Winnipeg Tribune / Closed down
|Winnipeg Tribune / Closed down
Founded Winnipeg Tribune, CJNC tried to but did not beat the Free Press on the air. It started April 20th. But CJNC had a much stronger and clearer signal at 500 watts than CJCG and the inaugural program was quite an event. Lieutenant Governor Sir James Aikins gave the opening address, followed by a concert of over 200 artists including the Winnipeg Male Voice Choir, the Oratorio Society, soloists May Clarke and W. Davidson Thompson, as well as the Princess Pat’s regimental band. It received many compliments from listeners in southern Manitoba as well as Minnesota and North Dakota. It was after this program that the Tribune crew referred the competition as “the Carlton Street peanut whistle”.
Everyone was caught up in “radio fever”. The city’s two major theatres, the Capitol and the Allen, installed a receiver and large speakers, and advertised reception of stations in Boston, Pittsburg and San Fransisco. When they couldn’t get distant signals they ended up tuning in the locals. Patrons, marveling at the development of electronic transmission of sound by radio, couldn’t understand why the sound wasn’t synchronized with what was on the screen. “Talking Pictures’ were still seven years away! The theatre promotion lasted only a couple of weeks.
Both Winnipeg stations CJCG and CJNC were losing money and saw no “light at the end of the tunnel”. The publishers of the two newspapers that owned the stations met with the Commissioner of Telephones for the Province of Manitoba who had expressed the interest of Manitoba Telephone System (MTS) of getting into broadcasting.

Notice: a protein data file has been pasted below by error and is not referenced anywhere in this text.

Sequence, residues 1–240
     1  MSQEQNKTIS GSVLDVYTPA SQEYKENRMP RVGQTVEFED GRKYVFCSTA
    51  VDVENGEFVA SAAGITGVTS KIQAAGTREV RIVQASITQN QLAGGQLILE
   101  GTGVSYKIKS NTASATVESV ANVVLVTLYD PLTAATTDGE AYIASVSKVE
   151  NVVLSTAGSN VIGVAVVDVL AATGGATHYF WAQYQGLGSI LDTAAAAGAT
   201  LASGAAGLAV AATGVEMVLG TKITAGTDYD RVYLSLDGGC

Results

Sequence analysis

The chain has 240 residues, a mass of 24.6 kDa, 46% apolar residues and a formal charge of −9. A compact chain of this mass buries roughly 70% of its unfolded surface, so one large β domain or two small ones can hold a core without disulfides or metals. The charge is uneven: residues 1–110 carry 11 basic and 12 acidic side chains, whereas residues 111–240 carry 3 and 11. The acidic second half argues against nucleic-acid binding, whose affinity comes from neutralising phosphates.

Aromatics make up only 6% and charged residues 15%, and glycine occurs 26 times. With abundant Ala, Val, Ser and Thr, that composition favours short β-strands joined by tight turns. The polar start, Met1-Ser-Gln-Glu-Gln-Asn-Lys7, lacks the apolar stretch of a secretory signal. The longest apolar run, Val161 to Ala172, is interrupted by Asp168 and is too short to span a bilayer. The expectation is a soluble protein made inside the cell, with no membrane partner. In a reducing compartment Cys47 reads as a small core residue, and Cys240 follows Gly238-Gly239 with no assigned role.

After much negotiating with the Federal authorities and changes to legislation the MTS came to an agreement with the current stations who would cease operations and support MTS in establishing a single radio station in Winnipeg.
CJNCs last broadcast was March 9th, 1923.
SOURCE: “Early Wireless and Radio in Manitoba” Manitoba Historical Society.
The story continues elsewhere…
Effective September 1st 2019, we will only be adding new material to these station histories in exceptional circumstances. Our intent to chronicle the early days of these radio and television stations has been achieved, and many new sources and technologies, from the CRTC website to Wikipedia, and others, are now regularly providing new information in these areas.